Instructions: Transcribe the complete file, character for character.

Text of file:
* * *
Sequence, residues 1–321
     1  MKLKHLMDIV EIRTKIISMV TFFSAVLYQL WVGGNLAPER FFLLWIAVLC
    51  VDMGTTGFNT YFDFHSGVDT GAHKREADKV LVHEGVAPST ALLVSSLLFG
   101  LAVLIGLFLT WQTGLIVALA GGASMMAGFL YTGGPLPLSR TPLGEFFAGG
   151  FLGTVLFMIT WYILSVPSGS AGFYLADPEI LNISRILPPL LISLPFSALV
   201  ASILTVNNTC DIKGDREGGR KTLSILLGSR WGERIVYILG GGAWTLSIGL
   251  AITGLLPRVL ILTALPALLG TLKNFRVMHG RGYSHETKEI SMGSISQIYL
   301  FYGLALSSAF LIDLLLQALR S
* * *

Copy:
Sequence, residues 1–321
     1  MKLKHLMDIV EIRTKIISMV TFFSAVLYQL WVGGNLAPER FFLLWIAVLC
    51  VDMGTTGFNT YFDFHSGVDT GAHKREADKV LVHEGVAPST ALLVSSLLFG
   101  LAVLIGLFLT WQTGLIVALA GGASMMAGFL YTGGPLPLSR TPLGEFFAGG
   151  FLGTVLFMIT WYILSVPSGS AGFYLADPEI LNISRILPPL LISLPFSALV
   201  ASILTVNNTC DIKGDREGGR KTLSILLGSR WGERIVYILG GGAWTLSIGL
   251  AITGLLPRVL ILTALPALLG TLKNFRVMHG RGYSHETKEI SMGSISQIYL
   301  FYGLALSSAF LIDLLLQALR S